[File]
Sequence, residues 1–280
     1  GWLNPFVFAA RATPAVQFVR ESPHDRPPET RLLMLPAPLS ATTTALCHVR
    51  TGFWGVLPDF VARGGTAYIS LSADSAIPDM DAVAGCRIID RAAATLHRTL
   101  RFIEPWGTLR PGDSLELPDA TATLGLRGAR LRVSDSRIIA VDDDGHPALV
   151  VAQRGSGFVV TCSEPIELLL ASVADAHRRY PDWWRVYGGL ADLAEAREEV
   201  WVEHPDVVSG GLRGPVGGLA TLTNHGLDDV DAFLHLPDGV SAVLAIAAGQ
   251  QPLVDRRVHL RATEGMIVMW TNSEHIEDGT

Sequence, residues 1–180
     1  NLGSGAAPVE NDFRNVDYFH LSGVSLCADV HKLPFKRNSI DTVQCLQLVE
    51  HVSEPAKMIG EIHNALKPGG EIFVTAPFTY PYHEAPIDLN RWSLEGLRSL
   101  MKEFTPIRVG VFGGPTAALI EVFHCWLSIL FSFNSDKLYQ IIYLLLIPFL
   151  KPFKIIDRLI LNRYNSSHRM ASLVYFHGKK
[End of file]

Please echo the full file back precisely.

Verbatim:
Sequence, residues 1–280
     1  GWLNPFVFAA RATPAVQFVR ESPHDRPPET RLLMLPAPLS ATTTALCHVR
    51  TGFWGVLPDF VARGGTAYIS LSADSAIPDM DAVAGCRIID RAAATLHRTL
   101  RFIEPWGTLR PGDSLELPDA TATLGLRGAR LRVSDSRIIA VDDDGHPALV
   151  VAQRGSGFVV TCSEPIELLL ASVADAHRRY PDWWRVYGGL ADLAEAREEV
   201  WVEHPDVVSG GLRGPVGGLA TLTNHGLDDV DAFLHLPDGV SAVLAIAAGQ
   251  QPLVDRRVHL RATEGMIVMW TNSEHIEDGT

Sequence, residues 1–180
     1  NLGSGAAPVE NDFRNVDYFH LSGVSLCADV HKLPFKRNSI DTVQCLQLVE
    51  HVSEPAKMIG EIHNALKPGG EIFVTAPFTY PYHEAPIDLN RWSLEGLRSL
   101  MKEFTPIRVG VFGGPTAALI EVFHCWLSIL FSFNSDKLYQ IIYLLLIPFL
   151  KPFKIIDRLI LNRYNSSHRM ASLVYFHGKK